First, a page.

Journal of Climate, 19, 6025-6046

Predictability and prediction of European monthly to seasonal climate anomalies

Mark Rodwell and Francisco J. Doblas-Reyes
ECMWF, Shinfield Park
RG2 9AX, Reading, UK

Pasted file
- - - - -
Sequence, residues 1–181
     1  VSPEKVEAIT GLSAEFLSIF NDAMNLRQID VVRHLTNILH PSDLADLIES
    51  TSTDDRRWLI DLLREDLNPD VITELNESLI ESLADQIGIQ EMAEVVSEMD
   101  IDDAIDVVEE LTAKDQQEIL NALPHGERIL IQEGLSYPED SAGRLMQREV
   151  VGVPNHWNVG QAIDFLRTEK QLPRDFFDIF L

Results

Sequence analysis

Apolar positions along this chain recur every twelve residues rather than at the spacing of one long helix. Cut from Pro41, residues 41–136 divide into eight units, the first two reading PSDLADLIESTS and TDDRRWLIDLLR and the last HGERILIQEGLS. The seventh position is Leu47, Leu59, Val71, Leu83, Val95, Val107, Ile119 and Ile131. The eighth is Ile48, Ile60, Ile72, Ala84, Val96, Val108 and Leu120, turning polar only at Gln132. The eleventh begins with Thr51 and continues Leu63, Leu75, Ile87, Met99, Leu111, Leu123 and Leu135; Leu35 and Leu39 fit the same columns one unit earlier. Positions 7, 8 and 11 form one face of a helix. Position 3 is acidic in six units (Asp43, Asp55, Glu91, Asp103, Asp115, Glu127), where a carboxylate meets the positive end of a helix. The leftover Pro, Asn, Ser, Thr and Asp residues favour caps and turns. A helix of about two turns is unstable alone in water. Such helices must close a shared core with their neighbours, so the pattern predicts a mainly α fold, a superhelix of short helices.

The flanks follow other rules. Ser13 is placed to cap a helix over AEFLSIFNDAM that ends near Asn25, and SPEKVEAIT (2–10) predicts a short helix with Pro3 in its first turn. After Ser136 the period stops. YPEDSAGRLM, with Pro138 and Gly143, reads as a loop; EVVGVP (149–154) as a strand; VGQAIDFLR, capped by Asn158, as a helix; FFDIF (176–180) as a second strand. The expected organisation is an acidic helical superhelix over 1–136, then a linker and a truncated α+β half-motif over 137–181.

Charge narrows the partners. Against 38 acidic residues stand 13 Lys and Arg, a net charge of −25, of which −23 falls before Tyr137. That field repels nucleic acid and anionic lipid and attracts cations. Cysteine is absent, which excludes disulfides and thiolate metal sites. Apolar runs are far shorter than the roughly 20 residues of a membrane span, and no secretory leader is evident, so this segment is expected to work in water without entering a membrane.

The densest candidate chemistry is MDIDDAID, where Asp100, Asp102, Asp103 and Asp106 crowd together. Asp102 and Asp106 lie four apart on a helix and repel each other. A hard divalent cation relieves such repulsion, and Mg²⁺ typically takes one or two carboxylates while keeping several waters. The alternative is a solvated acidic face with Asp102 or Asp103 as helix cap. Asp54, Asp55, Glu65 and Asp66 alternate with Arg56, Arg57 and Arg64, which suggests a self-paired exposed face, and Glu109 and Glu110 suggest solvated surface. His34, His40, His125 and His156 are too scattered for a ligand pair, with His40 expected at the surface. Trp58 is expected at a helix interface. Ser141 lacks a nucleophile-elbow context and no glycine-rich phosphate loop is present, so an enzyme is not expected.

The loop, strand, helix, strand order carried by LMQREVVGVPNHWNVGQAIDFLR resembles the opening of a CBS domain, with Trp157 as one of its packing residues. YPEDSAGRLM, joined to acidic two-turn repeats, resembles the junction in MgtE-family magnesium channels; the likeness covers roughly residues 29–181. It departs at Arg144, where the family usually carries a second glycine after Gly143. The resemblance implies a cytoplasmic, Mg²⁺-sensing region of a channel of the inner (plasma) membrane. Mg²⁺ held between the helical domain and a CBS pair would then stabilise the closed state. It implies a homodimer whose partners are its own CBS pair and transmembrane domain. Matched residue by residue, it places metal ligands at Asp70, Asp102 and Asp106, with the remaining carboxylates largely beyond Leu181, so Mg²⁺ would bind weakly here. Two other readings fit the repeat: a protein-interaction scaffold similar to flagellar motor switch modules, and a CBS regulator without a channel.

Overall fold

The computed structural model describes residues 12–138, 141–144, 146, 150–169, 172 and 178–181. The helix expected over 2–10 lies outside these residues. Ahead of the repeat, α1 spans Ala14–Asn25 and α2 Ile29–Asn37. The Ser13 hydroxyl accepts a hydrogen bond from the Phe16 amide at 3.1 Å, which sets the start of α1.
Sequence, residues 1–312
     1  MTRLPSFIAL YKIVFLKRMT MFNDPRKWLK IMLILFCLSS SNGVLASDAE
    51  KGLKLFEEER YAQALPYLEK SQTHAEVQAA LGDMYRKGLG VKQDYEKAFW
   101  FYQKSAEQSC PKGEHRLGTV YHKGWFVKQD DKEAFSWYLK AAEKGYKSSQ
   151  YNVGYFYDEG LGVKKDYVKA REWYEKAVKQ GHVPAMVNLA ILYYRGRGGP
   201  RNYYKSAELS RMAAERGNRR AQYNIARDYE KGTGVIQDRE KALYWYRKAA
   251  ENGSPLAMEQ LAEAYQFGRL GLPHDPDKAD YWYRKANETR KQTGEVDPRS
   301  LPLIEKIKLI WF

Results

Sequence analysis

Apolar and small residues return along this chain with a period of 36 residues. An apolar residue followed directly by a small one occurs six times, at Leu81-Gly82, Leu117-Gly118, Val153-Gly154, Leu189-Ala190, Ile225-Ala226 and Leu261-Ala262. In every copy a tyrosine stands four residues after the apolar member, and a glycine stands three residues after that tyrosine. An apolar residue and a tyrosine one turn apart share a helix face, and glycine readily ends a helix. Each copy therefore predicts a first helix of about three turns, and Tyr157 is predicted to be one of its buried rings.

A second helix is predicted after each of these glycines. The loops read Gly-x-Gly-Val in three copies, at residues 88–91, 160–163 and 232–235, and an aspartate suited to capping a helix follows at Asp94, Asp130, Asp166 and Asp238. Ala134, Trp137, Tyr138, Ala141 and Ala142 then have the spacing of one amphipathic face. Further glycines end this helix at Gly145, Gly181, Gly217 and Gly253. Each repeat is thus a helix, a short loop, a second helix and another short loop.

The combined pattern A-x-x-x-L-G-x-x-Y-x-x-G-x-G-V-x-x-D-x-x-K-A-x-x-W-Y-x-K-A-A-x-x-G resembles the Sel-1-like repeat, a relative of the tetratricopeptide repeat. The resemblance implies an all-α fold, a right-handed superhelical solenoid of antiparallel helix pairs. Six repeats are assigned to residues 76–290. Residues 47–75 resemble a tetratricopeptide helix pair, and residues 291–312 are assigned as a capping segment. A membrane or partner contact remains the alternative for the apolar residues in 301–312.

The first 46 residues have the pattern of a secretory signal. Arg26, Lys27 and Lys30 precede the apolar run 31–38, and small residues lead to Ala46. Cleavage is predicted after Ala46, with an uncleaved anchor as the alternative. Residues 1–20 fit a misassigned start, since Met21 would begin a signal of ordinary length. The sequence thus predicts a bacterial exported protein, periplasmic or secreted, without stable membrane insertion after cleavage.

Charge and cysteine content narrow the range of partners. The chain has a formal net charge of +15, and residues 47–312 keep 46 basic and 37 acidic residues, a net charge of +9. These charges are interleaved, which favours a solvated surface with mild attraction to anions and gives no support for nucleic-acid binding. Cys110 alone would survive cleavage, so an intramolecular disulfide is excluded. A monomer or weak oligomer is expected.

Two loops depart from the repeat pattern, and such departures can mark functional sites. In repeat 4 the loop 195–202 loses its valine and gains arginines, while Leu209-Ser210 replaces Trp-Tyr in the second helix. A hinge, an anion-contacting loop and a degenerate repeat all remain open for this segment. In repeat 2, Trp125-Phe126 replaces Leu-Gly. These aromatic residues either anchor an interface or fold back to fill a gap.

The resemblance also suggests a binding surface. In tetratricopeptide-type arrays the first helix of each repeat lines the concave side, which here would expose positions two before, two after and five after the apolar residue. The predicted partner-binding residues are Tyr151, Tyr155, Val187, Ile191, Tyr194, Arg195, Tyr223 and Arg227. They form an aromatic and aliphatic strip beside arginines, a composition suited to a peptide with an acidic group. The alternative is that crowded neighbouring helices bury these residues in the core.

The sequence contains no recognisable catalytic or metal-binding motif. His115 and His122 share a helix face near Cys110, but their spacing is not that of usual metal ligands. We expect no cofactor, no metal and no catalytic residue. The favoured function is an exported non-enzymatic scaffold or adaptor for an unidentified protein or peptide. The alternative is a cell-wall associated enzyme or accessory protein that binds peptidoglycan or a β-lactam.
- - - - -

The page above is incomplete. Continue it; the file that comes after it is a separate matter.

Numerical weather prediction (for Europe) has a tangible benefit to users. The analysis of the initial atmospheric state is important for the success of these forecasts. Climate change forecasts are also of benefit to users such as politicians. Radiative boundary forcing plays a key role in these forecasts. This paper investigates and reviews intermediate timescales where European predictability may rely on both the initial conditions and quasi-boundary conditions associated with (e.g.) SST and soil moisture. Operational probabilistic (ensemble) forecasts indicate skill in the prediction of the European summer heatwave of 2003 on medium (3-10 day) and monthly (10-30 day) timescales. A more general and unified analysis of medium-range, monthly and seasonal forecasts confirms a surprising degree of probabilistic forecast skill for European temperatures over the first month. Interestingly, the unified analysis suggests that the initial atmospheric state is important even for month two of a seasonal coupled forecast. This is later confirmed by experiment. Seasonal deterministic forecasts appear to capture the observed European predictability associated with the persistence of anomalies. Multi-model and perfect-model studies are used to highlight the potential sources for improved seasonal forecasts. Finally, the impact of forecast information on different users with different mitigation strategies (i.e. ways of coping with a weather or climate event) is discussed. The possibility that weather forecasts can affect the cost of mitigating actions is considered. The simplified analysis leads to different conclusions about the usefulness of forecasts which could guide decisions about the development of "end-to-end" (forecast-to-user decision) systems.

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